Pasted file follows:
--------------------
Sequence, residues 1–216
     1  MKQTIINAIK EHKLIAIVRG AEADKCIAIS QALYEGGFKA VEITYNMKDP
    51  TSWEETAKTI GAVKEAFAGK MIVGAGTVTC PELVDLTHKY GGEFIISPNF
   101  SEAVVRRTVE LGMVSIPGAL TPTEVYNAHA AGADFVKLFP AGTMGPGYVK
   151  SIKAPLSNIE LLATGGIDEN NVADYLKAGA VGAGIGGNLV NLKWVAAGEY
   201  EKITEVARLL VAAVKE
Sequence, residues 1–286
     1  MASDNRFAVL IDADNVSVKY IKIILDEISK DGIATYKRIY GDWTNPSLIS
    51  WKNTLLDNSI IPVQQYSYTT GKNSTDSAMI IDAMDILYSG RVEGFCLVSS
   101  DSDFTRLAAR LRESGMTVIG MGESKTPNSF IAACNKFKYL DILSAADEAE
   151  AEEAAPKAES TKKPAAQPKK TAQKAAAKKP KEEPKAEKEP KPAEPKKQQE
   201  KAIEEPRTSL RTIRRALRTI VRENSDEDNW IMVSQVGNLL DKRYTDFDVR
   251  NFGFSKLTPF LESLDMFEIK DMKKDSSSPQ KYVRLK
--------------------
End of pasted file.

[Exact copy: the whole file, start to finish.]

Sequence, residues 1–216
     1  MKQTIINAIK EHKLIAIVRG AEADKCIAIS QALYEGGFKA VEITYNMKDP
    51  TSWEETAKTI GAVKEAFAGK MIVGAGTVTC PELVDLTHKY GGEFIISPNF
   101  SEAVVRRTVE LGMVSIPGAL TPTEVYNAHA AGADFVKLFP AGTMGPGYVK
   151  SIKAPLSNIE LLATGGIDEN NVADYLKAGA VGAGIGGNLV NLKWVAAGEY
   201  EKITEVARLL VAAVKE
Sequence, residues 1–286
     1  MASDNRFAVL IDADNVSVKY IKIILDEISK DGIATYKRIY GDWTNPSLIS
    51  WKNTLLDNSI IPVQQYSYTT GKNSTDSAMI IDAMDILYSG RVEGFCLVSS
   101  DSDFTRLAAR LRESGMTVIG MGESKTPNSF IAACNKFKYL DILSAADEAE
   151  AEEAAPKAES TKKPAAQPKK TAQKAAAKKP KEEPKAEKEP KPAEPKKQQE
   201  KAIEEPRTSL RTIRRALRTI VRENSDEDNW IMVSQVGNLL DKRYTDFDVR
   251  NFGFSKLTPF LESLDMFEIK DMKKDSSSPQ KYVRLK